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June 01, 2021

Advice for your middle-school self

What advice would you give your middle-school self? How have the skills you learned when you were younger influenced your career path?

Bill Ramsammy, Director, Brand and Marketing Communications, CPP Investments
“Meet, greet and beat the problem!” Something my dad taught me when I was younger. I used this slogan in my high school valedictorian speech and to this day, I reference it when identifying an obstacle, analyzing the situation and finding an insightful solution.
Dan Gallagher, VP-Risk Manager, BMO Harris Bank N.A.  
Be curious, ask questions, read about the topic you are interested in, and read broadly about many topics. I found that many ideas I came up with to solve business needs came from focused as well as random reading and conversations.
Denise Tran, Planner, New Product Launch, Apotex Inc.
As much as you can, try something new! You’ll never know what works for you unless you give it a go. When you actively look for new experiences, your way of thinking changes. You become more adaptable and train yourself to see problems in a new light.
Don’t be afraid if you fail the first (or even the twentieth) time. Our successes and pitfalls are all learning experiences, even if it doesn’t feel like it at the time. Listen to what others say and accept critiques. Sometimes, your biggest challenges or failures can become the platforms to new, creative ideas.
Faiz Bhatia, Project Manager Stantec Consulting Ltd.
My advice to my middle-school self would be to identify two things: What do I do well? And what am I actually interested in? Often, the two are synonymous, which is great! But sometimes, we can be timid or nervous to learn about new material or new subjects that we think would be interesting.
In an age where information is available at our fingertips (I didn't have Google in middle school), it is important to stay informed and engaged with the latest trends and technological advancements, so that you can continue to identify where your interests lie as the world changes around you. That way, when you are faced with career-defining decisions, you are prepared to act upon those two things: what do you do well and what are you interested in?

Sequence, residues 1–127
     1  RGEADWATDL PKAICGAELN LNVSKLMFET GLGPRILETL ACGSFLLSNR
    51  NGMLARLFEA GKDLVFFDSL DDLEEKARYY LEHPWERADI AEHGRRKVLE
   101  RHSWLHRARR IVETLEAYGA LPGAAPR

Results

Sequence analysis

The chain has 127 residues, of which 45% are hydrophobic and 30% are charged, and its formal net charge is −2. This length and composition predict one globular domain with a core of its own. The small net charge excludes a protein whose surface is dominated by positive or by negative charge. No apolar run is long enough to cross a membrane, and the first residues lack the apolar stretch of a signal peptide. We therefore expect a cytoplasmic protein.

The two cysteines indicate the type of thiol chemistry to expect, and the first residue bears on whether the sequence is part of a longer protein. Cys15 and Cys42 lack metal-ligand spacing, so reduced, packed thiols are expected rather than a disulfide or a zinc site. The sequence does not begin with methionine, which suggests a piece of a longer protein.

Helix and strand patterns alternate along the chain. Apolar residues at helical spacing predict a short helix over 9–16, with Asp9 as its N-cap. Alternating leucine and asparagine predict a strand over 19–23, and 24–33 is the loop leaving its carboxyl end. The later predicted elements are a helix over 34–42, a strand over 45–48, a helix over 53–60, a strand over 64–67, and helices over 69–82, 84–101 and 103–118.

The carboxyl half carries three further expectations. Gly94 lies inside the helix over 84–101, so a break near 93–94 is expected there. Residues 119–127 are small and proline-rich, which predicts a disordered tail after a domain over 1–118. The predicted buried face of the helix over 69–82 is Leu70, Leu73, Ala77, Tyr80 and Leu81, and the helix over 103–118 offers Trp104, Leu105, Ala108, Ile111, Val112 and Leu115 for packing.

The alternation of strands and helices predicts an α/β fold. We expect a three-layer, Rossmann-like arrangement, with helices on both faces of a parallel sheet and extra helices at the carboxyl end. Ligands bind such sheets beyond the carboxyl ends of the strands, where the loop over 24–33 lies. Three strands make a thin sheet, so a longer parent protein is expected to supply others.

Joan Tripp, Senior Advisor, Legal, Canada Pension Plan Investment Board
I would tell my middle-school self to be kinder to myself and not worry so much about what other people thought or were saying about me. My best friend once asked me when I was upset about something someone had said about me, "do you like that person?" When I said no, he responded "then why would you care what they say? If they don't mean anything to you then their opinion should not mean anything either."
I've kept that in mind. There are always bullies, doubters and people who just want to pull other people down because they are unhappy. Remember to listen to your own voice and stay true to yourself. Be kind to yourself and those around you.  
I've done that through my career. When people said that I couldn't do something or wouldn't succeed, I've listened to my own voice and gone ahead. Most times I've succeeded.  Sometimes you don't but if you don't try something you'll never know. And sometimes you just need to try a few times to get it right so that you do succeed. 
Always remember to be kind to those around you as well.  Sometimes, success requires a helping hand so be willing to receive and assist when you can.
Kajal Palan, Sr. Director, Operations Finance & Strategy, Apotex Inc.
One piece of advice I would give my middle-school self is to learn chess at a young age. Chess helps your brain to understand the big picture. What are your options? What should be your next move? How will your opponent react? This is strategy. When you learn to think like this, you will learn to anticipate problems and you will look for solutions. Some people focus on the problems. Others focus on solutions. That is the difference.
Jo-Ann Conrod, Executive Assistant, Deloitte LLP
Be patient. Don't be a know-it-all. Be willing to accept criticism. Think outside the box. Go that extra mile to be on top of your game.
Michele Colley, Transit Advisory Consultant, Stantec Consulting Ltd.
Be open to every learning opportunity even if it isn't exactly what you're looking for. You will grow the most when you step out of your comfort zone. Each educational and professional experience will help you develop transferable skills like teamwork, critical thinking and communication. Each will be necessary for your future career. You may even discover a new passion while you're at it!
Caleigh Silmser, Senior Manager, Brand, Cadillac Fairview
Don't let perfection get in your way. Getting ideas out into the world early will help you figure out where your gaps are and how you can improve. People actually LIKE being asked for their advice and help!
Allison Pasique, Senior Manager, Campus Recruitment, CPP Investments
Be brave and take more risks! I was risk-averse as a teenager and although I always had a lot on the go, I should have diversified my activities more. I was always an A+ student and little did I know that all subjects, even those that I thought added zero value to me or my future profession, would shape my problem-solving ability. Be a sponge! Learn as much as you can and don’t forget to enjoy the ride!
Bash Balogun, Senior Manager, CPP Investments